Before answering my question, take a look at this example

$$\ce{2NOCl <=> 2NO + Cl2}$$

Let's suppose I have $\pu{2 mol/L}~\ce{NOCl},~\pu{2 mol/L}~\ce{NO}$, and $\pu{1 mol/L}~\ce{Cl2}$ in a closed system. If we were to calculate the equilibrium constant, it would be

$$K_c = \frac{(2)^2(1)}{(2)^2}$$

Now suppose I increase the concentration of both $\ce{NOCl}$ and $\ce{NO}$ by $\pu{1 mol/L}$. The equilibrium will stay the same,

$$K_c = \frac{(2+1)^2(1)}{(2+1)^2};$$

however, if I were to instead increase the concentration of both $\ce{NOCl}$ and $\ce{Cl2}$ by $\pu{1 mol/L}$, the equilibrium will shift to the product side

$$K_c = \frac{(2)^2(1+1)}{(2+1)^2}$$

Can someone explain this phenomenon in terms of rate of reaction or in terms of molecules?


3 Answers 3


Can someone explain this phenomenon in terms of rate of reaction or in terms of molecules?

In terms of rate of reaction, at equilibrium the forward rate is proportional to the concentrations of the reactant (as if this were an elementary reaction). Likewise, at equilibrium the reverse rate is proportional to the concentrations of the products (as this were an elementary reaction). If you change the concentration of a single reactant and a single product by the same factor (i.e. multiply by the same number, not add the same number) and if the stoichiometric factors are the same (i.e. the order of reaction in this special case), and the reactants are sufficiently dilute, the system will still be at equilibrium. In the second change described by the OP, neither is the case (one concentration increases by 50%, the other doubles, and the exponents are different).

In terms of thermodynamics, if the Gibbs free energy of the reactants is changed by the same amount (i.e. add or subtract a number) the system will remain at equilibrium. This will happen if one species on either side is changed by the same factor because the Gibbs free energy changes with the logarithm of the activity of a species. Again, this only works if the stoichiometric coefficient of the two species are the same.

Nomenclature K vs Q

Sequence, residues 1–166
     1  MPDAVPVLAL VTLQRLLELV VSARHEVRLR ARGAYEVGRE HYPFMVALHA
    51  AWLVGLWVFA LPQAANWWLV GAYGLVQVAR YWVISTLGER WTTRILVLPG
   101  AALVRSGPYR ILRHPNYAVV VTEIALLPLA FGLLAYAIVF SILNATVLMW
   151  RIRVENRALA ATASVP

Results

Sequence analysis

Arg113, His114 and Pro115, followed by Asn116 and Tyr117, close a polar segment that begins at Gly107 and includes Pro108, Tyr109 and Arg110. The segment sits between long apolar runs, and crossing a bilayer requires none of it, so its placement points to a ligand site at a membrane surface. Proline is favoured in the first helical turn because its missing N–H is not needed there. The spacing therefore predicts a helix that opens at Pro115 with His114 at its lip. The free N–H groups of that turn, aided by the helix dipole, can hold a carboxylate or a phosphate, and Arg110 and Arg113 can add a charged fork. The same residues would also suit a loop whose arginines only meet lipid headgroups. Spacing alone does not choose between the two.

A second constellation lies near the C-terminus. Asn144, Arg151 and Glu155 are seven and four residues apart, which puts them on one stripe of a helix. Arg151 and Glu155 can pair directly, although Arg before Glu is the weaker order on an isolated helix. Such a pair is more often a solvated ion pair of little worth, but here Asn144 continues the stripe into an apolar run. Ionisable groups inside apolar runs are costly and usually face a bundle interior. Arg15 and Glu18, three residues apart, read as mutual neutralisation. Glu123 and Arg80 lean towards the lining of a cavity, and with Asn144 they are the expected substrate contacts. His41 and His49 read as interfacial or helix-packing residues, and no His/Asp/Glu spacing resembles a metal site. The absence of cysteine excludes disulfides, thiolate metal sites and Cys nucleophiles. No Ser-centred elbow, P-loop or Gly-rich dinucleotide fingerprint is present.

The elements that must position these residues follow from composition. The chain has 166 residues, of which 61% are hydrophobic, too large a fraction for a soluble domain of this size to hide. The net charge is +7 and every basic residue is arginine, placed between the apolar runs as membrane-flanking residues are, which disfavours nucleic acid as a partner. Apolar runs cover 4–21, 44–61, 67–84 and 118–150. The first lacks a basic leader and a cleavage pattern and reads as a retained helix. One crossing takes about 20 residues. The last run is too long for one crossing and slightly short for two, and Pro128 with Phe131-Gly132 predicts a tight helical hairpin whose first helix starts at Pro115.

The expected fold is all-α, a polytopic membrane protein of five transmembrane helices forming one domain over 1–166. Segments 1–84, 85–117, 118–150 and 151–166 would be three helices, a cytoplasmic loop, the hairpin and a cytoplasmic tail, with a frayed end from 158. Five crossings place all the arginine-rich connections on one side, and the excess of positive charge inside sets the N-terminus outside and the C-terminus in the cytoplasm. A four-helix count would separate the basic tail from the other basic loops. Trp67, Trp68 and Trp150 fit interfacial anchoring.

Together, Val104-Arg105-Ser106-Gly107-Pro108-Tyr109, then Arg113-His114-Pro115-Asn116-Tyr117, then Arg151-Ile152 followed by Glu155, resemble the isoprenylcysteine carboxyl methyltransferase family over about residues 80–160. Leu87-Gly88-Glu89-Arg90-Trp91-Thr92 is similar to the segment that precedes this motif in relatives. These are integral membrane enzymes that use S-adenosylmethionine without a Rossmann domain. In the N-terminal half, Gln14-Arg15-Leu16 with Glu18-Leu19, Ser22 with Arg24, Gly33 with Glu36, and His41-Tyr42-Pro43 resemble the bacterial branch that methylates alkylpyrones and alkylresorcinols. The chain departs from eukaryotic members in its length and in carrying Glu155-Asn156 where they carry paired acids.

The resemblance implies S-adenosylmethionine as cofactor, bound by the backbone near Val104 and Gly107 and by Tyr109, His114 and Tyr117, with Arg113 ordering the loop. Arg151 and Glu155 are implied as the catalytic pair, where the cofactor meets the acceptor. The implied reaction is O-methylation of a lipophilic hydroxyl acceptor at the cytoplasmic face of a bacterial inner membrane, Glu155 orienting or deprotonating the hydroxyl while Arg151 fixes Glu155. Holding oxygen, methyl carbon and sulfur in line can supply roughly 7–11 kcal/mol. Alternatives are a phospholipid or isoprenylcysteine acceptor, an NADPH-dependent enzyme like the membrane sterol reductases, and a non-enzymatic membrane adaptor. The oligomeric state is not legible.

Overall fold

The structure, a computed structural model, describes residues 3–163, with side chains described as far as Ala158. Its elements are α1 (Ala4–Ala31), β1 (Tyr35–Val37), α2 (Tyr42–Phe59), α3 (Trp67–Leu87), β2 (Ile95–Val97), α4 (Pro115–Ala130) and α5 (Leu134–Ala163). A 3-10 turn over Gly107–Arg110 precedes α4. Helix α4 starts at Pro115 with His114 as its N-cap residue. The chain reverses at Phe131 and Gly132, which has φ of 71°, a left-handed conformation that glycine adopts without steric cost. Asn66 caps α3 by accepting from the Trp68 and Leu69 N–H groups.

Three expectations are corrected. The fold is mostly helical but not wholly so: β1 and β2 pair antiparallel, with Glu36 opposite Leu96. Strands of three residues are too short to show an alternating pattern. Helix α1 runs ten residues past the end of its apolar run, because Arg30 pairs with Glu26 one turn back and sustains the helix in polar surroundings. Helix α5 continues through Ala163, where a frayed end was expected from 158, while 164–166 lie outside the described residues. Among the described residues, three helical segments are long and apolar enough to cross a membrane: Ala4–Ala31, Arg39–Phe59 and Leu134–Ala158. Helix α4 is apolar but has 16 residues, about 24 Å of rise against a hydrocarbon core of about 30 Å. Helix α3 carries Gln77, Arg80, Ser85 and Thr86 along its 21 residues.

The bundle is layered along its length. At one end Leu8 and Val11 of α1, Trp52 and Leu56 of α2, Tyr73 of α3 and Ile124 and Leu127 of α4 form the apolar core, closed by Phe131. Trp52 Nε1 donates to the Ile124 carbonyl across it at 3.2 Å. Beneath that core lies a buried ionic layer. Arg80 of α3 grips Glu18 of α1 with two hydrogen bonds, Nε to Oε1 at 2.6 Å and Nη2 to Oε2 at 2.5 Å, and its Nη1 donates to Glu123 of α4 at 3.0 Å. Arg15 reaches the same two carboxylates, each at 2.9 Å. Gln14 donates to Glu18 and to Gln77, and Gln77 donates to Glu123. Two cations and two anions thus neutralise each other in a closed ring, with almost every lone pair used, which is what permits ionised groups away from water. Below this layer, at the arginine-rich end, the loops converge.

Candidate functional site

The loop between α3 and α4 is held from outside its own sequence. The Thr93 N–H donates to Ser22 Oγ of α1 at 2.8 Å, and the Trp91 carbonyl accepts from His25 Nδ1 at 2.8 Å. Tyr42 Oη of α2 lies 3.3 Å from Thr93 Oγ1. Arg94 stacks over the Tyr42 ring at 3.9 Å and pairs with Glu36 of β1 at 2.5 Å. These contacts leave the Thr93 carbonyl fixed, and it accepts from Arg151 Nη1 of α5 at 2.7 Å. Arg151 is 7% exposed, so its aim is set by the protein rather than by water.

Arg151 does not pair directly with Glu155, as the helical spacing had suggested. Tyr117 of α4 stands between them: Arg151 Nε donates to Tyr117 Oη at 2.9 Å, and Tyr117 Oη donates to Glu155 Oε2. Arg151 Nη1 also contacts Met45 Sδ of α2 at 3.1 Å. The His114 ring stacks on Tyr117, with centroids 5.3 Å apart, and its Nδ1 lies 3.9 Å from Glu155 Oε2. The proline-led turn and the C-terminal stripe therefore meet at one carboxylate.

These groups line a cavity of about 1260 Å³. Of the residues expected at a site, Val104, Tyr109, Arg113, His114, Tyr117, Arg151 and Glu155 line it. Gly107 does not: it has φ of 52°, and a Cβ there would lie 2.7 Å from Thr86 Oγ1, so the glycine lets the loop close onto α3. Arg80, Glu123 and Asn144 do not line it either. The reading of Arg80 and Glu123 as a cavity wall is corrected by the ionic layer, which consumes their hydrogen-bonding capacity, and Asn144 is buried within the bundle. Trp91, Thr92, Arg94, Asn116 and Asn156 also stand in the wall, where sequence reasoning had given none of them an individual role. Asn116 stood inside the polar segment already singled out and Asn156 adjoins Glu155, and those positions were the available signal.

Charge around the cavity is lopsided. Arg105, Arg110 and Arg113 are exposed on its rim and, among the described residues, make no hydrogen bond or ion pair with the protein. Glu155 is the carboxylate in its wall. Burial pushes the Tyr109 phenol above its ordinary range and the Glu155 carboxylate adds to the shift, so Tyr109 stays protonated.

In the equations shown by the OP, different concentrations are substituted into the equilibrium constant expression even when the reaction is not at equilibrium. The correct name for these expresssions is reaction quotient Q. If Q matches K, the system is at equilibrium. In the examples provided, Q stays the same in one case (still in equilibrium) and changes in the other case (no longer in equilibrium). What the equilibrium would be needs not to be calculated. Knowing that Q is unequal to K is sufficient for showing that the system is in fact not in equilibrium.


In an equilibrium, the equilibrium constant remains the same. When you change the concentration of some component, the whole system shifts to new concentrations to maintain this constant.

When one mole each of $\ce{NOCl}$ and $\ce{NO}$ are added, let us suppose that the equilibrium is shifted to the right and some $\ce{Cl2}$ is formed. The new concentration of $\ce{NOCl}$ will now be $3-x$, the concentration of $\ce{NO}$ will become $3+x$ and the one of $\ce{Cl2}$, $1+\frac{x}{2}$.

The final concentrations can be calculated by solving the cubic equation:

$$K_c=\frac{(3+x)^2 (1+\frac{x}{2})}{(3-x)^2}$$

Note that if in reality the equilibrium does shift to the left instead of the right, the value of $x$ will be negative.

In the other case, the equilibrium will shift to the left, and the equation to be solved is:

$$K_c=\frac{(2-x)^2 (1-\frac{x}{2})}{(3+x)^2}$$

Again, a negative value of $x$ will mean that the equilibrium shifts to the right instead of going to the left as has been supposed.


When a reaction shifts to the right or left direction, it means that the reaction is trying to remove the equilibrium stress. So removing or adding reagent or product in a reaction at equilibrium will not change the value of the constant.

You said you would increase the amount of substance of $\ce{NOCl}$ and $\ce{NO}$, but you did not add it into $\ce{NO}$ concentration.

Adding products and reagents concentration would change the constant's value, but not shift the equilibrium towards any side.

  • $\begingroup$ Welcome to Chemistry.SE! Take the tour to get familiar with this site. Mathematical expressions and equations can be formatted using $\LaTeX$ syntax. Please note that the proper term for "number of moles" is amount of substance. The former would be the same as referring to the mass as "number of kilograms". Unfortunately your answer is a bit ambiguous, if not wrong. If the equilibrium doesn't shift, the constant's value stays the same, too. $\endgroup$ Aug 27, 2018 at 12:29
  • $\begingroup$ (-1) The equilibrium constant $K_c$ does not change... it is the reaction quotient $Q_c$ that changes. $\endgroup$ Aug 27, 2018 at 12:39

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